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MS Dynamics CRM 3.0

TCL(Tool Command Language) Scripting

String parsing question


I'm putting together a script that parses a file which contains the
following 3 possibilities to extract the file name from a given line.
Please see the examples below:

1) add_file -verilog -lib work ../../../my_design.v
2) add_file -verilog -lib work "../../../my_design.v"
3) add_file -verilog -lib work {../../../my_design.v}

In all 3 of the above cases, the file name I need is ../../../
my_design.v.  For the first case, I was using the following code,
which works nicely:

set keyword "add_file"
...
if {[string match *$keyword* $line]} {
   set splitlist [split $line " "]
   set filename [lindex $splitlist 4]

}

However, this code breaks for cases 2 and 3.  Can anyone suggest a
more flexible solution?  I'm guessing it may involve regular
expressions, which currently scare me, but I'm definitely going to
look into taking away this fear.

Thanks,
Brian

bwilso@gmail.com wrote:
> set keyword "add_file"
> ...
> if {[string match *$keyword* $line]} {
>    set splitlist [split $line " "]
>    set filename [lindex $splitlist 4]
> }

> However, this code breaks for cases 2 and 3.  Can anyone suggest a
> more flexible solution?  I'm guessing it may involve regular
> expressions, which currently scare me, but I'm definitely going to
> look into taking away this fear.

You can keep most of your code, and skip regular expressions (although you
can do it with them):

...
if {[string match *$keyword* $line]} {
  eval set filename [lindex [split $line] end]

}

This works because we can assume, that your filename either is enclosed
in "..." or {...}, which are both proper values for the [set] command, or
is simply a normal string, which also simply works.

Regards
Stephan

Why not add a proc called add_file in a safe interp and source the file with
the add_file's into it.  The the fourth argument would be the filename.

Tcl is great for defining mini-languages like that.

--
+--------------------------------+---------------------------------------+
| Gerald W. Lester                                                       |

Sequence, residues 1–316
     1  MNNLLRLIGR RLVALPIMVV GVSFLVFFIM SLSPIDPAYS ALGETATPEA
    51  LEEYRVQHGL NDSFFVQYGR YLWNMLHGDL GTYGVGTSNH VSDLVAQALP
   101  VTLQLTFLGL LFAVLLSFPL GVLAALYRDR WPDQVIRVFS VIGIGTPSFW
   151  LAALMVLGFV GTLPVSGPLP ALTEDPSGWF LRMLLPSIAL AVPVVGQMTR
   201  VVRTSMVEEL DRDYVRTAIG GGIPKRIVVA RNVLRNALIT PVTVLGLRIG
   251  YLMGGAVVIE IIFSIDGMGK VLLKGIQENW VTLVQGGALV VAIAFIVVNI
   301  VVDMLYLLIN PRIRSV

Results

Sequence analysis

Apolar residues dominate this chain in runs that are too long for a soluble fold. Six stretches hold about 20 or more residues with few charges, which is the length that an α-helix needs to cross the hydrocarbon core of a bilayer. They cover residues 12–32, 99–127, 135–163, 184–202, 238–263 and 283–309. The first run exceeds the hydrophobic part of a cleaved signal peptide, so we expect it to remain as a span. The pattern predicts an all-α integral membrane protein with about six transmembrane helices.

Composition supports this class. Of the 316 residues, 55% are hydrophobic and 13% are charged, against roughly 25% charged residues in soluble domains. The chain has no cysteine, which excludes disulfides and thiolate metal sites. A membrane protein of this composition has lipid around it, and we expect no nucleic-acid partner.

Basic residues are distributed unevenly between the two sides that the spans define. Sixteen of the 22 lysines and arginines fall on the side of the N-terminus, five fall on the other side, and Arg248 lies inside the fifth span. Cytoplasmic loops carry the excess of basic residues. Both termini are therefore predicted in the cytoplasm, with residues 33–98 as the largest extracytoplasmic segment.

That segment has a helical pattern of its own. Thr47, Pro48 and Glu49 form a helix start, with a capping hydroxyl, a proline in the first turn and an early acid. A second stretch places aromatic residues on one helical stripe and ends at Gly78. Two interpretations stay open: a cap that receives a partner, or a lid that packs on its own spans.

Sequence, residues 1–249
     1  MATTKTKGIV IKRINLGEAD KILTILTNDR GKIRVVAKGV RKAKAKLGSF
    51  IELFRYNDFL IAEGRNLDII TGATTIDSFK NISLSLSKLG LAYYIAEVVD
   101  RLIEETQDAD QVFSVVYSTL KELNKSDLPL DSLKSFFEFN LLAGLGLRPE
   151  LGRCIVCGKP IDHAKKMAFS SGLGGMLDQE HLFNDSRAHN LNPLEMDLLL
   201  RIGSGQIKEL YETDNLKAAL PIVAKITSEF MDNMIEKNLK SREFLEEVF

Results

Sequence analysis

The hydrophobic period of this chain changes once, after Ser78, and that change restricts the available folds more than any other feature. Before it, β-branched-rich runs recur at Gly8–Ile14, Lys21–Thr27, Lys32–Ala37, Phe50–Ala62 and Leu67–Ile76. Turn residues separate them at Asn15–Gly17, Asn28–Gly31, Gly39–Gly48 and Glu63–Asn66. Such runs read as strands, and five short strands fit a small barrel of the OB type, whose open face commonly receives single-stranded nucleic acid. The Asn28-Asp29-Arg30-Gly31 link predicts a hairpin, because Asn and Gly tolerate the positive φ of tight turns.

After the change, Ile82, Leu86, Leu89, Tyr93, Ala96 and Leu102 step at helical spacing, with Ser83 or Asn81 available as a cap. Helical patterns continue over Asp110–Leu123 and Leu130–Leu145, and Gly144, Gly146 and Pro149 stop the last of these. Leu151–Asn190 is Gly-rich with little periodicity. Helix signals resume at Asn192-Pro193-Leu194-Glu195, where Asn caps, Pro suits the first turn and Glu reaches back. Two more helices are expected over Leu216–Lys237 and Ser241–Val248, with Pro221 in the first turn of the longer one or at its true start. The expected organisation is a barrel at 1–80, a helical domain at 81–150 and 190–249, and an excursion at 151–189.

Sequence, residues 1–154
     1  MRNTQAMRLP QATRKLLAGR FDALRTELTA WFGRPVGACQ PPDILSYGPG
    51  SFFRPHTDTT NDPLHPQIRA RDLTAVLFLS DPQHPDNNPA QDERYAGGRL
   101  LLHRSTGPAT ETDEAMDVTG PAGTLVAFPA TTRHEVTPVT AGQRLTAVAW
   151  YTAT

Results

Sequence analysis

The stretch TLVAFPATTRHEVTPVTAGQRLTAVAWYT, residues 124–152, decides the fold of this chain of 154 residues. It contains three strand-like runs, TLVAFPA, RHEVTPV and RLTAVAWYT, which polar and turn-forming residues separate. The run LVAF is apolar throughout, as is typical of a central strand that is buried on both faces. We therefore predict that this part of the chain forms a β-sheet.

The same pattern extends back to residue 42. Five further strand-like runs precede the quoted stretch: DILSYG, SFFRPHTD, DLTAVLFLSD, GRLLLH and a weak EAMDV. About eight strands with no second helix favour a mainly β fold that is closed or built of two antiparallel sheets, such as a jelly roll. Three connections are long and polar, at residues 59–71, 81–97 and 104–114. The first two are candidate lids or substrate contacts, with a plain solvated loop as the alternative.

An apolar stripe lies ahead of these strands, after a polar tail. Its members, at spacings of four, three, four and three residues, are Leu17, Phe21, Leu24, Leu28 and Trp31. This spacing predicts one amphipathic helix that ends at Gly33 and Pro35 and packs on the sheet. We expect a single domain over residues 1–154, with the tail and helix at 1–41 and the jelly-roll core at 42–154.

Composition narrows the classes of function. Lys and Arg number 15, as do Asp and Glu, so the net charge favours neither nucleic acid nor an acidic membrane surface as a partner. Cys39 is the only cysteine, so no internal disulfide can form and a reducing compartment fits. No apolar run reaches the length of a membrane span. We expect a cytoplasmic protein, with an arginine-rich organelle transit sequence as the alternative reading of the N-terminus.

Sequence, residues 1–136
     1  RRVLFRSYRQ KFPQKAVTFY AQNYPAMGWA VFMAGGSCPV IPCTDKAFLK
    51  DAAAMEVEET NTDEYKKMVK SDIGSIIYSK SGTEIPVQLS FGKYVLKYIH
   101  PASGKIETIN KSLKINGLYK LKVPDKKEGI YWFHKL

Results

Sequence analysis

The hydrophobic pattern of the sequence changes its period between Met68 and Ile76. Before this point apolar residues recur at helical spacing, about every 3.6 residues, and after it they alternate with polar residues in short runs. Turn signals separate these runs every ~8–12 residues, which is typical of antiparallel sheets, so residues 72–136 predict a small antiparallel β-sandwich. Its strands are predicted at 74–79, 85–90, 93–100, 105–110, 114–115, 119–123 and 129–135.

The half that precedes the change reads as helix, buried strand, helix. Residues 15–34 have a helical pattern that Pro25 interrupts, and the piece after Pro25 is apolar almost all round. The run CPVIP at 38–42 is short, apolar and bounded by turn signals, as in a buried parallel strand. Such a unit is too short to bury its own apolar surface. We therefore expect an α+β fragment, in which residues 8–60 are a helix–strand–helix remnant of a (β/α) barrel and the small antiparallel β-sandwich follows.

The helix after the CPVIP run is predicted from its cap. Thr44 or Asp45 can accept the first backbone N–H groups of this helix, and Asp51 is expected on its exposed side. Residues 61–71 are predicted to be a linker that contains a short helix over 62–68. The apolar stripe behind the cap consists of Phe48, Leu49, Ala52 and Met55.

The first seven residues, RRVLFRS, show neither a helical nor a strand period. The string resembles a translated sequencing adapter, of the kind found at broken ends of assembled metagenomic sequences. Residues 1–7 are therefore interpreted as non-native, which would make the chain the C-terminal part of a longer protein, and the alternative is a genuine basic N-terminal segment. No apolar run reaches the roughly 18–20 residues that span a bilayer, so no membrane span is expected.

|"The man who fights for his ideals is the man who is alive." - Cervantes|
+------------------------------------------------------------------------+

On May 11, 11:30 am, "Gerald W. Lester" <Gerald.Les@cox.net> wrote:

This seems like a good idea, but unfortunately it's not always the 4th
arg.  I tried what Stephan suggested and it seems to work nicely.
Must bow down to the TCL gurus...    =)

glad it's working, but if you ever have a filename (or path) with a
space in it you will fail. if that is a possibility then a fairly simple
RE will suffice to help out.

Bruce

On May 11, 8:42 pm, "bwilso@gmail.com" <bwilso@gmail.com> wrote:

> On May 11, 11:30 am, "Gerald W. Lester" <Gerald.Les@cox.net> wrote:
> > Why not add a proc called add_file in a safe interp and source the file with
> > the add_file's into it.  The the fourth argument would be the filename.

> This seems like a good idea, but unfortunately it's not always the 4th
> arg.

That's a detail. The power of the idiom Gerald suggests reaches
several parsecs beyond this tiny example.
As it turns out, Tcl allows varargs:

   proc add_file args {do_something [lindex $args end]}

-Alex

Bruce Hartweg wrote:
> glad it's working, but if you ever have a filename (or path) with a
> space in it you will fail. if that is a possibility then a fairly simple
> RE will suffice to help out.

Oops, true. This avoids the problem with space in filenames:

...
  set filename [lindex [eval set list {$line}] end]

Regards
Stephan

Stephan Kuhagen wrote:
> Bruce Hartweg wrote:

>> glad it's working, but if you ever have a filename (or path) with a
>> space in it you will fail. if that is a possibility then a fairly simple
>> RE will suffice to help out.

> Oops, true. This avoids the problem with space in filenames:

> ...
>   set filename [lindex [eval set list {$line}] end]

which is doing an implicit conversion from string to list,
which can also bite you at a later date unless you know
and/or have complete control over the inputs.

Bruce

Bruce Hartweg wrote:
> which is doing an implicit conversion from string to list,
> which can also bite you at a later date unless you know
> and/or have complete control over the inputs.

The OP said, he has always exactly one of three forms of line format with
his filenames. So I would think, if the three forms he showed, are always
the same, it is enough control over the input, so we can assume, the
solution works for his specific problem. - OTOH if you have no control over
the output format, a RE wouldn't help you either...

If there would be really no control over the fileformat, an RE would be
extremely complex. Think about filenames with a some of '"{}' in it or all
the other wonderful possibilities of filenames on Unix. To write a good RE
for that is complex, error prone and, I'm sure, much less performant than
the simple way. I prefer always the simple solution, over the complex one,
even if it means not to learn REs now but later (which the OP should
nevertheless do, since they are such a powerful tool).

Regards
Stephan

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